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Health Benefits of Green Beans
You already know that broccoli and spinach are good for you but may be less sure about the humble green bean. Green beans often take a back seat to the “super veggies” like cruciferous vegetables and green, leafy ones. So, what’s the truth about this sometimes overlooked side dish? Are green beans good for you?
Green Bean Nutrition
Green beans are surprisingly nutritious. A single serving of green beans has a quarter of the day’s requirements of vitamin K, a fat-soluble vitamin that’s important for healthy bones and blood clotting. They’re also a good source of vitamins A and C, antioxidant vitamins that protect cells against oxidative damage. Vitamins A and C both keep the immune system healthy, while vitamin A preserves night vision and keeps skin and the cornea of the eye moist.
They’re Good for Your Heart
Green beans are a good source of heart-healthy fiber that helps to lower cholesterol levels. The vitamin C they contain helps to prevent the oxidation of cholesterol, which can lead to the dangerous accumulation of plaque in the artery walls. They also contain respectable amounts of potassium and magnesium, which help to normalize blood pressure.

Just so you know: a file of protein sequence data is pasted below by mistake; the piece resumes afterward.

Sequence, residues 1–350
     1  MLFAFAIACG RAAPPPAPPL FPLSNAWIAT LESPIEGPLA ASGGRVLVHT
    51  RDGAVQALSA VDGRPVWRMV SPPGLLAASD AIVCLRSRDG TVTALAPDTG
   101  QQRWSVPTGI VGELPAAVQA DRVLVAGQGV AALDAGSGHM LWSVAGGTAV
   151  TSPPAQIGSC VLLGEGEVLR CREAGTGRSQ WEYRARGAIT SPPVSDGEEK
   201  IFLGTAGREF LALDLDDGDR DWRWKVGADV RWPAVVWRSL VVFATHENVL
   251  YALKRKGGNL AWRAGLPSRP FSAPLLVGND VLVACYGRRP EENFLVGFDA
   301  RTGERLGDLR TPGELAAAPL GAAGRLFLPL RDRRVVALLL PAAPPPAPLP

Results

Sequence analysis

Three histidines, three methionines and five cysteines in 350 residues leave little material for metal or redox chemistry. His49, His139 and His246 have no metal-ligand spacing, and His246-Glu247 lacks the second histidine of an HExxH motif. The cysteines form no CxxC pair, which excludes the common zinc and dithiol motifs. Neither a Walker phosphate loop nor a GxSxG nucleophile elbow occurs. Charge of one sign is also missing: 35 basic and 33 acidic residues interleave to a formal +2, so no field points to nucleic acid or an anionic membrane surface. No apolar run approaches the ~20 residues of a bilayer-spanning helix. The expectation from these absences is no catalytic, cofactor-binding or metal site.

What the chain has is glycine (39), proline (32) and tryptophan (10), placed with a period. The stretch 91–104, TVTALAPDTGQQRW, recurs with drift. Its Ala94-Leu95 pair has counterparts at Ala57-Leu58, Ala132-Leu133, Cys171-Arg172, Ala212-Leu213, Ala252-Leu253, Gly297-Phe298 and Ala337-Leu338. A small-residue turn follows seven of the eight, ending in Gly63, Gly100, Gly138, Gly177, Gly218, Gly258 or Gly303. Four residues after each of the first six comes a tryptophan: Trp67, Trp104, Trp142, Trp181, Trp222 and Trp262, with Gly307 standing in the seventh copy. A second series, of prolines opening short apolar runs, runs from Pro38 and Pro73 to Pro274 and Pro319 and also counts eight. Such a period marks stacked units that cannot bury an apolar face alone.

Other Health Benefits
Green beans are a good source of most of the B-vitamins with the exception of vitamin B-12, which is found in animal products. They also contain iron to build healthy red blood cells to carry oxygen to the tissues. Pre-menopausal women may benefit from the iron found in green beans.
If you’re watching your calories, green beans are a guilt-free side dish. A full cup of cooked green beans only has only 43 calories. What’s not to love about that?
Be Careful How You Prepare Them
Of course, the health benefits of green beans vary depending upon how you cook them. Preparing them Southern-style with ham or bacon or cooking them with tons of butter raises their calorie content and reduces some of their heart-healthy benefits. Overcooking also lowers their nutritional value as some of the vitamins and minerals are lost. Try roasting or lightly sautéing them to bring out their flavor without reducing their health benefits.
The Bottom Line?
The humble green bean is a healthy and nutritious choice as a side dish. Enjoy this often overlooked vegetable and appreciate all it has to offer.
Author: Dr. Kristie Leong, MD.
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